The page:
“I would personally love to learn more about how safety plays a role into popular aircraft because it would give me more insight [into] what the thought process of an engineer is,” says Montoya. “Knowing what safety challenges engineers of certain planes had to overcome is a very interesting topic.”
Mrs. Higgins’ experience of working with the Museum of Flight was pleasant.
“Really good organizations attract really good talent — people who are passionate about the purpose or product,” said Mrs. Higgins. “The Museum of Flight has an excellent staff who are not only creative but also very people-centric and socially smart. It was a joy to work with every one of them!”
As for the experiences within the MoF community, Othoudt believes the adventure behind the exhibit has been extremely educational for him.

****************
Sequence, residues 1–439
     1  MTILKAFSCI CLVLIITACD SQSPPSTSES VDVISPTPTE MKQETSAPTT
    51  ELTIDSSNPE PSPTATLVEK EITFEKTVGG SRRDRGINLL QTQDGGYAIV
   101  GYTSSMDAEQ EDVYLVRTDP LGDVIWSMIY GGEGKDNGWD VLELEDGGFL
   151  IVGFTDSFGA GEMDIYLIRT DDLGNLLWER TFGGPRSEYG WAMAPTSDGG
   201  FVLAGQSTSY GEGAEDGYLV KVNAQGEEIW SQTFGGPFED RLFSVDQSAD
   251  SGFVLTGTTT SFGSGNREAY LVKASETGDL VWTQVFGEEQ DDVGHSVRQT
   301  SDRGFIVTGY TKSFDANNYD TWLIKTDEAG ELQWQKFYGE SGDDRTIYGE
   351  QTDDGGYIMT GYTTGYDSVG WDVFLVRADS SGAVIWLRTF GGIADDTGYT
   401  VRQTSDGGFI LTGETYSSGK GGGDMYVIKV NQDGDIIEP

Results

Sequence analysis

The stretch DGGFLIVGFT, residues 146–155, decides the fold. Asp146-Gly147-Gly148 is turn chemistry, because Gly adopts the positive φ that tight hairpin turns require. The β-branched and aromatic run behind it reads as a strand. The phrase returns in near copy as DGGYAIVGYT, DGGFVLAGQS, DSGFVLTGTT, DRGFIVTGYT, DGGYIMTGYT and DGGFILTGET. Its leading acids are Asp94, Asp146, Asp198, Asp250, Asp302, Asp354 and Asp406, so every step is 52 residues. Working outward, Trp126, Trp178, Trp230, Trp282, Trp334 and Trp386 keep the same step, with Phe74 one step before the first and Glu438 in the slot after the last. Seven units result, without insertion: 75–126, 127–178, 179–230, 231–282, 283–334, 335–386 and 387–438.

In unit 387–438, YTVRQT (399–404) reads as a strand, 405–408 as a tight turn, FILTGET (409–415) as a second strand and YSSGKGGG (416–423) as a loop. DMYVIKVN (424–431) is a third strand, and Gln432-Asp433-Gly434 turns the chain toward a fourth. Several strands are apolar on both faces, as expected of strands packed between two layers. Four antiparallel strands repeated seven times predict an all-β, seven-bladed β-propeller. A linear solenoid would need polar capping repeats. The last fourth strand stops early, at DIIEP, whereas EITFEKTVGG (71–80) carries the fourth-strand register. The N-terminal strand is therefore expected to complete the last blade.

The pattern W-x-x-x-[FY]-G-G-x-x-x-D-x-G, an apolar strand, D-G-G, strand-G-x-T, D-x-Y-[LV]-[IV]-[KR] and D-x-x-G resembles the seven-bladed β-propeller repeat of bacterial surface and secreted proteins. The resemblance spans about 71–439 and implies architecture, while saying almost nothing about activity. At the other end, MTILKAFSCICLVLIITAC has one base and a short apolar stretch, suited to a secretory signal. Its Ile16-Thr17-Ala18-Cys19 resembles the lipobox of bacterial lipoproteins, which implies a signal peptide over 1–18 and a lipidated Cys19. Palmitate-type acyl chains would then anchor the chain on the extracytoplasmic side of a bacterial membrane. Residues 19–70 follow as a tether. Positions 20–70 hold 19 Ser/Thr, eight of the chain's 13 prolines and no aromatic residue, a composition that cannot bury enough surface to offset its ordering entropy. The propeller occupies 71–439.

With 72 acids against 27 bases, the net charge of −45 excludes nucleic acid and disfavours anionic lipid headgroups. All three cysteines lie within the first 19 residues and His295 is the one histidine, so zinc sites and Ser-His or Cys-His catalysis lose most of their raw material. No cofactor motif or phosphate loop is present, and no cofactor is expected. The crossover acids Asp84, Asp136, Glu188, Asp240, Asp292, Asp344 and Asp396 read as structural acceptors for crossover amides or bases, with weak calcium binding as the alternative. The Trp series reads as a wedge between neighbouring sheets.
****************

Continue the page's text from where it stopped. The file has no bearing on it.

“A few major themes developed out of this exhibit that I thought were quite interesting,” said Othoudt. “There is a change happening in the aviation industry from a reactionary approach to a proactive approach regarding flight safety using vast amounts of data available. The general public’s attitude towards flight has also changed from apprehension to expectation throughout the decades as new technology like jet engines was introduced.”
Othoudt would recommend the display to his friends and family, regardless of being apart of the development team.
“I think the safety of commercial aviation is something that we all have a connection with,” said Othoudt. “This exhibit is a great way to learn about the technologies, policies, and individuals that have contributed to the safety of commercial aviation that we all rely on.”